visual field loss in one eye and normal visual field in the other may, in
some cases, not provide an acceptable binocular Esterman results. The test
may show a missed point in the area of blind spot of the normal eye, where
the other eye has not compensated for this. Where such a query exists, it is
advisable to repeat the Esterman monocularly for the normal eye, as a
normal monocular field of vision meets the DVLA driving standard.
Patients with other conditions such as those relating to retinopathy (e.g.
segmental retinitis pigmentosa) may have a borderline result on Esterman
testing.

The binocular Esterman visual field test is most commonly run on the
Humphrey Visual Field Analyzer.
It is a supra-threshold test that presents a single, very bright stimulus
(10dB) at each of 120 locations within the visual field.
The subject is required to fixate centrally and press a button when a
stimulus is detected. The Esterman test has the advantage of being
relatively quick compared to other full field tests (4-5 minutes for a
normal subject), and is by far the most frequently available binocular field
test in ophthalmology and optometry clinics.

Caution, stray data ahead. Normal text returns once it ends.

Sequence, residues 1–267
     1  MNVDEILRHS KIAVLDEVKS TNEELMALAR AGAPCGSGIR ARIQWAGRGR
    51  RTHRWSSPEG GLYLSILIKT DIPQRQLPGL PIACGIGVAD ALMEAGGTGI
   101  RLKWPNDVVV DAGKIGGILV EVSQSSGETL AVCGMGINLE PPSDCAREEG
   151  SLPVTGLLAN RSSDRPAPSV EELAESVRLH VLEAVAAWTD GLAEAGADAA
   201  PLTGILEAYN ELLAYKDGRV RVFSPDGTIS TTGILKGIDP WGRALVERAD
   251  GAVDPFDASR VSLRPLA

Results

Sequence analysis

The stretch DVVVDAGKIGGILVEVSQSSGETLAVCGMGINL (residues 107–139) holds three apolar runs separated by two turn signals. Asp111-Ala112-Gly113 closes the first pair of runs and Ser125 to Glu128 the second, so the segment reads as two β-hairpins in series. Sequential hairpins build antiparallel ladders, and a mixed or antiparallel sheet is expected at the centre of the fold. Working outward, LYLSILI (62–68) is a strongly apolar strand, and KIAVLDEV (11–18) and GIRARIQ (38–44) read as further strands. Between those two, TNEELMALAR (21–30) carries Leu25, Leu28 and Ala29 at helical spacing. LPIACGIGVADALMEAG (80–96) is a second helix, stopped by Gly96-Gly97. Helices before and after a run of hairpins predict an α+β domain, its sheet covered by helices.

The 120 points in the stimulus array are spread over a large area extending
approximately 75 horizontally, 35 superiorly and 55 inferiorly.
Occasionally, an a symptomatic binocular visual field defect is picked up
by the optometrist during a routine visual field screening when a patient
reaches the age of 40. In a fair proportion of the cases with a negative
medical history, the lesion is likely to be congenital in origin.

Binocular visual field testing programs are readily available in various


automated perimeters. However, additional binocular examination is not
routinely administered in the clinical setting where perimetric resources are
normally directed or consumed by monocular testing. Binocular visual
field testing in glaucoma normally only becomes necessary when a patient
presents with bilateral defects commonly seen in advanced stages of the
disease and assessment of visual disability is required.

This paper describes a method of simulating a binocular visual field from the
results of Humphrey monocular fields. This technique requires no extra
perimetric testing and allows for a quick and useful estimate of a patients